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Stoma patient experience

Facing the challenge of Crohn's disease head-on

If you are diagnosed with a chronic disease, your long-standing life plans may be disrupted, but it should not stop you from achieving your dreams, let alone pursuing even more beautiful ones. 24-years-old Pierre-Louis is living proof of this, he has managed to combine his passion for sailing with a new mission in life: to raise public awareness of Crohn’s disease so people understand it better and, at the same time, encourage other sufferers to come out of their shells and live their lives to the full.

“This condition made it difficult to develop and go to school like everybody else, especially since this disease comes in flare-ups. You can be fine for several months, then suddenly being unable to venture too far from the toilet for three weeks. I took medication to manage the disease, but still had crises that made me tired and forced me to watch my diet carefully. When my friends for instance suggested that we go to a restaurant, I didn't dare tell them that I couldn't because I was sick.”

Pierre-Louis Attwell

It took some time before Pierre-Louis finally accepted his illness.

“The first step in accepting the disease is to make friends with your body. And that is sometimes difficult. Even if people have the same disease, everyone lives with it differently; it also depends on how severe each particular case is. But the most important thing is: Don’t be afraid to talk about it, to consult patient associations, turn to friends ... And then you realize that people are sympathetic, they mean well, and negative reactions are rare.”

Pierre-Louis Attwell

Stepping outside your comfort zone, despite a disability

“I wanted to sail and make the sea my profession in the navy, but it was no longer possible due to my diagnosis. That's when I realized that I would have to fight my way through and learn to live with my disability.”

Pierre-Louis Attwell

Setting sail with Crohn’s

“If I hadn’t been sick, I might never have found the courage to fulfill my dreams. The project ‘Vogue avec un Crohn’ gradually took shape in my mind. During the first years of my illness, I didn't talk about it at all. You end up self-isolating and withdrawing into yourself. So from one day to the next, I decided to stop hiding, to stop being ashamed of my illness. I went from one extreme to another, from saying nothing about my disease to raising the voice for all patients with IBD through ‘Vogue avec un Crohn’.”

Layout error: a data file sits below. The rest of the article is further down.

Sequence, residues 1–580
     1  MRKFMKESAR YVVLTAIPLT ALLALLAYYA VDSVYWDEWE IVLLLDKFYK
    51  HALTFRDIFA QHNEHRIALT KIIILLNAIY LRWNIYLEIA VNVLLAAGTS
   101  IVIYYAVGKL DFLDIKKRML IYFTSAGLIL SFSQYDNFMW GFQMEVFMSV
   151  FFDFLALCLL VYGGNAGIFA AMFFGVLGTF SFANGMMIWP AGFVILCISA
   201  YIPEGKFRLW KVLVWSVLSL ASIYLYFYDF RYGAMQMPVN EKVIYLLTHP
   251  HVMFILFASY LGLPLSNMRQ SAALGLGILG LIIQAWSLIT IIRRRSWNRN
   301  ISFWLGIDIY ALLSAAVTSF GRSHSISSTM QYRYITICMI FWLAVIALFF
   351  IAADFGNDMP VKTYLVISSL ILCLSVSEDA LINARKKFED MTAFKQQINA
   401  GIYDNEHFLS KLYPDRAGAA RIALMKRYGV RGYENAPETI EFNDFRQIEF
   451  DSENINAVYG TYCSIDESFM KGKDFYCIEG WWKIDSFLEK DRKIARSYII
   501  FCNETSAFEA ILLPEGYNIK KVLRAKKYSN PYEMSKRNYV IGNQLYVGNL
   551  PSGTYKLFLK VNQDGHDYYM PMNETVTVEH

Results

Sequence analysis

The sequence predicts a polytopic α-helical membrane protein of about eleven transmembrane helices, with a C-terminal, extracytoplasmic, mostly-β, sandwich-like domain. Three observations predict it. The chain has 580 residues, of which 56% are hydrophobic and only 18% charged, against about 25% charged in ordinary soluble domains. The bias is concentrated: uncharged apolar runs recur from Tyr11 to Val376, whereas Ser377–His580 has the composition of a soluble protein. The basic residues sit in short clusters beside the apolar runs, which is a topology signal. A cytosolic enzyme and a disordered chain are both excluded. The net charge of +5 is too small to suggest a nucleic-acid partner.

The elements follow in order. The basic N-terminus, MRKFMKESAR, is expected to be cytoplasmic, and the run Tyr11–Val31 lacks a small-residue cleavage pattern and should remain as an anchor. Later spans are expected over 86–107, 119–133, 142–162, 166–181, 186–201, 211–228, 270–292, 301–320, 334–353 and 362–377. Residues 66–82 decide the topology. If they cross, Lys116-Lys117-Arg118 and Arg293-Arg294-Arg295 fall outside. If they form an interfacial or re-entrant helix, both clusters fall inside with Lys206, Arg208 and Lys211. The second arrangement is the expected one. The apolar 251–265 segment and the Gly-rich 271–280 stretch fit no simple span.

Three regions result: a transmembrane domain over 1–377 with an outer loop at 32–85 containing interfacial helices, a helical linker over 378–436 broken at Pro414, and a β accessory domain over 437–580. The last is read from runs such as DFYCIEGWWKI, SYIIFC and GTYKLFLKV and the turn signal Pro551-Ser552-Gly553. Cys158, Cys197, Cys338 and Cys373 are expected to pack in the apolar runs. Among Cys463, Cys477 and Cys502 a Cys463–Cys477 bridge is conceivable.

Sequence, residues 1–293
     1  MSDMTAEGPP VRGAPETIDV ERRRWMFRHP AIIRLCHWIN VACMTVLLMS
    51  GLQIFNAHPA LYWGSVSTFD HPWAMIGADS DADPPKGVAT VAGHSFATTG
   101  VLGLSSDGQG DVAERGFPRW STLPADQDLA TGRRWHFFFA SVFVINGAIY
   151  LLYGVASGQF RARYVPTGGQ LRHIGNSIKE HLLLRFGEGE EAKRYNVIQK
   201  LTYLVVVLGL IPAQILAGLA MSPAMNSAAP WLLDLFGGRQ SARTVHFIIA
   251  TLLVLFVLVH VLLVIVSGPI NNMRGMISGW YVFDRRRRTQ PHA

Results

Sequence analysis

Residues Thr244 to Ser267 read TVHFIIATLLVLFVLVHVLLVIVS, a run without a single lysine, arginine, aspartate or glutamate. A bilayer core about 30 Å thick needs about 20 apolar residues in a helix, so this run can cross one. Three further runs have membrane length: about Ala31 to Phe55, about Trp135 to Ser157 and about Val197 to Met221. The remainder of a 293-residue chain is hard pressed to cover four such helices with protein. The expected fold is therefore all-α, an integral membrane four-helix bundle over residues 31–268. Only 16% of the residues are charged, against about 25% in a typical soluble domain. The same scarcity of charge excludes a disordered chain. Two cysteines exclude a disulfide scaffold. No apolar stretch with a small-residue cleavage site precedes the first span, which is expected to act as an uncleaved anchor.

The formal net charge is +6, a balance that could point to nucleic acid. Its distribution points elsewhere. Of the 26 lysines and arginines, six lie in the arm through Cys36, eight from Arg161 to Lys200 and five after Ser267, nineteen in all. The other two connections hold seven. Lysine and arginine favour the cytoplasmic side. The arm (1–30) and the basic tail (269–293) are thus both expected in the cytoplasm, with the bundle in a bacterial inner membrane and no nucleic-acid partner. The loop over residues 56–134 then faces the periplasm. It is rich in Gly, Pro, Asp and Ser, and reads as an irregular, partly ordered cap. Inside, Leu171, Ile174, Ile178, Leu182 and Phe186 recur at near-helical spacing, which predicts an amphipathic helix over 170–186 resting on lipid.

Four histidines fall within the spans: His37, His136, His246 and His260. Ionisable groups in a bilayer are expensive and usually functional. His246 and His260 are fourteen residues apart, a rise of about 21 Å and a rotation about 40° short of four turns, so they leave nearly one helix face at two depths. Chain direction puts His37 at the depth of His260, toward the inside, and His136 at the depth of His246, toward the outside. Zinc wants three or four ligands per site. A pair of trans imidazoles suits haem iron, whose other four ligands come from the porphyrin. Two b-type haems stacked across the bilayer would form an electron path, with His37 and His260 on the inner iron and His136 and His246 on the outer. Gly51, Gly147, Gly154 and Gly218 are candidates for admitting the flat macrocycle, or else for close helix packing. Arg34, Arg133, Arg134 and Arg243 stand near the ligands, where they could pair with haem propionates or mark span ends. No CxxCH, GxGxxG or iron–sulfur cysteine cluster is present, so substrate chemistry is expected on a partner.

Pierre-Louis Attwell

Diagnosis temporary stoma

Only one month after this challenge, Pierre-Louis had to undergo emergency surgery. His colon, which had been battered by Crohn’s disease for years, just perforated. The only solution was to create a temporary ileostomy to give his colon time to heal.


“The first thing that changed was how I perceived my disease. With the stoma, this invisible Crohn became visible. I felt that suddenly everybody could see that I was sick.”

Pierre-Louis Attwell

Experiencing great things even with a stoma

Six months later, when his surgeon announced that Pierre-Louis’ stoma could be permanently reversed, he preferred to postpone this surgery because the appointment in Mai 2019 collided with the Normandy Channel Race. So instead he set sail together with his friend and co-skipper – and his stoma! For one week, the two sailors lived on board in spartan conditions: surrounded by the cold, humidity and waves and without showering. 

“I think this was my greatest challenge ever; it wasn’t the longest or the most difficult tour, but I’m proud that I made it through, even with an ostomy.”

Pierre-Louis Attwell

The trick is being well-prepared

In fact, every race needs a great deal of physical and mental preparation in advance. Pierre-Louis follows a special diet and does everything necessary to keep himself healthy. Additionally, he swears by yoga, which helps him deal with the stress factors during the races, because stress can provoke a new Crohn’s disease crisis. Regular checkups and consultations with his doctor and gastroenterologist ensure adequate treatment. This is especially important for the days and weeks during his ocean races when he is alone. 

“All this allows me to face the challenges the ocean puts before me with confidence and prove that, despite my disease, that everything is possible with good preparation.”

Pierre-Louis Attwell

In November 2022, Pierre-Louis successfully took part in the single-handed yacht race Route du Rhum and is therefore the first sailor with a chronic disease to cross the Atlantic alone!

1) The name ‘Vogue avec un Crohn’ is a French play on words: en vogue (fr) means in fashion; and voguer (fr) means to sail. So literally you ‘sail fashionably with Crohn’s’.